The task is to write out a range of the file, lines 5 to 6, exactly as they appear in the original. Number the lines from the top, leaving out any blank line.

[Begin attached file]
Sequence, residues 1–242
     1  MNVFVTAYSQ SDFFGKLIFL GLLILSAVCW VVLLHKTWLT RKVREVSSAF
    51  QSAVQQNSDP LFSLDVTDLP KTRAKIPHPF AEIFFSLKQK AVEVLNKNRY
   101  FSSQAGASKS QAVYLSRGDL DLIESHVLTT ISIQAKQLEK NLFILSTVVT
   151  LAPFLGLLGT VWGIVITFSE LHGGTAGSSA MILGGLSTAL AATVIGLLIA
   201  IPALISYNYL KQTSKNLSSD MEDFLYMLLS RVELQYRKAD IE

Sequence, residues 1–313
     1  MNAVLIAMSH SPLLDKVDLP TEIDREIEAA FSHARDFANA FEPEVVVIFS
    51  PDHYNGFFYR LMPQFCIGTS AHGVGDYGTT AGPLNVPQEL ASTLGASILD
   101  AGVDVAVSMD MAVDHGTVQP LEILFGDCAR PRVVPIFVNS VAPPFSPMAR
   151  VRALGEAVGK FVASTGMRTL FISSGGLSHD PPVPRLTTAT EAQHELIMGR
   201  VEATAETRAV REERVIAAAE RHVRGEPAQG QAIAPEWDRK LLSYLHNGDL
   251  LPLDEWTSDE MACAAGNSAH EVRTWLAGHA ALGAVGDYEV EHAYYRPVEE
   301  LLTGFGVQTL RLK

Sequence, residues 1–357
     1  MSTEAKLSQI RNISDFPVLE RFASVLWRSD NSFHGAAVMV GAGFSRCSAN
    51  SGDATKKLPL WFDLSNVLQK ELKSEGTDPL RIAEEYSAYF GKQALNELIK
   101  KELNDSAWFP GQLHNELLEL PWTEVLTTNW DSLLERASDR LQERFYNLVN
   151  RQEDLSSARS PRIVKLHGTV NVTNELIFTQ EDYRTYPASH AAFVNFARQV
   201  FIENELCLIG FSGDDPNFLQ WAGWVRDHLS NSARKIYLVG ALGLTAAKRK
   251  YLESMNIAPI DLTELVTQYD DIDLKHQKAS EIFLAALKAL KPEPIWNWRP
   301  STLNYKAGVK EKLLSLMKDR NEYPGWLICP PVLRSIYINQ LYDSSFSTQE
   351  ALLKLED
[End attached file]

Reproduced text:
   151  LAPFLGLLGT VWGIVITFSE LHGGTAGSSA MILGGLSTAL AATVIGLLIA
   201  IPALISYNYL KQTSKNLSSD MEDFLYMLLS RVELQYRKAD IE